This is the “classic” Grace Chapella design for which she is best known. Rick Dillingham features her family (and therefore this butterfly design) in his Fourteen Families book (1994, 2-13). As noted in the description for pot 2010-22 (a Grace pot with a similar design), Mark Tahbo offered an explanation for this motif:

“The two pointed elements on bowl 2010-22 represent the Hopi mesas. The crosshatched wave image represents cornfields surrounded by water, the butterflies the burst of life after spring rains. The vertical lines with cross hatchings represent prayer feathers (pathos) suspended from a string (nakwakwoci), the typical prayer offerings for rain at Hopi…The design is siitalpuva, a land brightened with flowers: Hopi heaven on earth.”

Pot 2011-19 is not as carefully painted as pot 2010-22, but the additional roughness has an amusing charm. Though she must have made dozens if not hundreds of pots with this design in her 106 years (1874-1980), Grace miscalculated her spacing on pot 2011-19. There are three butterflies on the pot. Each is followed by black, red and stippled mesa images above small “x” marks that probably represent fields. Following two of the butterflies, there is the representation of a wave of water, then a solid phallic-like image painted black. These elements are missing from the third butterfly, presumably because Grace painted this section last and ran out of room. Such a “mistake” would never happen to the more precise and studied young potters currently using this design. For me, this irregularity certifies the pot as pure folk art and humanizes the process of pot production. I love it.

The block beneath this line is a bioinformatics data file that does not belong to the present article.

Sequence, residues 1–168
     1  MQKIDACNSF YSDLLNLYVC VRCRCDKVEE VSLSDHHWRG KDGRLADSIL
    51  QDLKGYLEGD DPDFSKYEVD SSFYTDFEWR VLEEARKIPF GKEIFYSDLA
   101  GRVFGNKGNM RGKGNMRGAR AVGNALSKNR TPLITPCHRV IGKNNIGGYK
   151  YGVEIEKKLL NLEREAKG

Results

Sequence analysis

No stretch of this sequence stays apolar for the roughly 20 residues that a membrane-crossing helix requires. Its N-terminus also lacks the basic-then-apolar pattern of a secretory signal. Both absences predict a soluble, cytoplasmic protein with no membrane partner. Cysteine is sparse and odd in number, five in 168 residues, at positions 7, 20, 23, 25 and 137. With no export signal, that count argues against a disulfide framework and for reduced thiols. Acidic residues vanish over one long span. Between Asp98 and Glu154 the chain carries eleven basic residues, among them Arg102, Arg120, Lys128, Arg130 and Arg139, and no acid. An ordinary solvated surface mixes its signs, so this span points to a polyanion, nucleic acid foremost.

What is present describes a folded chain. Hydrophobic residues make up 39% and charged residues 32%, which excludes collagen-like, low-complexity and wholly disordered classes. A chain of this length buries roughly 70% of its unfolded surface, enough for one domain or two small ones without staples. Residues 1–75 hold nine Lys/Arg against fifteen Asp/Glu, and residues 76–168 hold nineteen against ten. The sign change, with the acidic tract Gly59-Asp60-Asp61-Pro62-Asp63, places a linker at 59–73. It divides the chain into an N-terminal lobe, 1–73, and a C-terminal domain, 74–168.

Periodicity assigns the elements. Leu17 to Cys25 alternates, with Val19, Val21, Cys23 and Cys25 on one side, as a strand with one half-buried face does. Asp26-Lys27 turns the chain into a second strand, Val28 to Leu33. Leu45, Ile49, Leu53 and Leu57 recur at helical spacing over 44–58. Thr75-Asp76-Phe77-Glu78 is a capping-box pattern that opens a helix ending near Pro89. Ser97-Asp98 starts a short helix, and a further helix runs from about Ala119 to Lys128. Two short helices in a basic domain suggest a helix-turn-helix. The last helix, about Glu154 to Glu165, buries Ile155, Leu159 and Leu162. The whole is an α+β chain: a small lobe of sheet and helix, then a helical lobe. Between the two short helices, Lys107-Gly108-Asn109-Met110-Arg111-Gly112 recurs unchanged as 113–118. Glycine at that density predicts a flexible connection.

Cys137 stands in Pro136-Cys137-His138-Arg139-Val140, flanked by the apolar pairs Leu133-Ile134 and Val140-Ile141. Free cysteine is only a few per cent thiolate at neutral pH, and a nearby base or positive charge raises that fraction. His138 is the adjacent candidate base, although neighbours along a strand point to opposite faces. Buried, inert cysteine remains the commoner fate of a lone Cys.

(For more information on Grace, her life and career, see her other entries in the Index of Artists.)

Purchase History:
Purchased on 9/22/11 on eBay from Gicell Schaenzler of Vista, CA. Bonnie Sharpe, a family member who is now in a hospice, collected this pot and 2011-20. She graduated from California State University, Fullerton in 1972 and then received a MA in Archeology from the same institution. “Her Master’s thesis was based on her participation and eventual leadership at an extensive dig in the Old Orabi area near the foot of Third Mesa in Arizona. Shortly after (her MA was) conferred she went to work for Pacific Bell, but took extended leaves of absence to do volunteer work in various digs around the Mesa Verde (Four Corners) area through the remainder of the 1970s and well into the 1980s. She was active in the Sierra Club…Her home is packed with all kinds of artifacts…and we’re just trying to clear out the house…I only brought home a few boxes and those were the only 2 Hopi items in them,” Gicell writes. Presumably, pot 2011-19 and 2011-20 were purchased in the 1970s or later.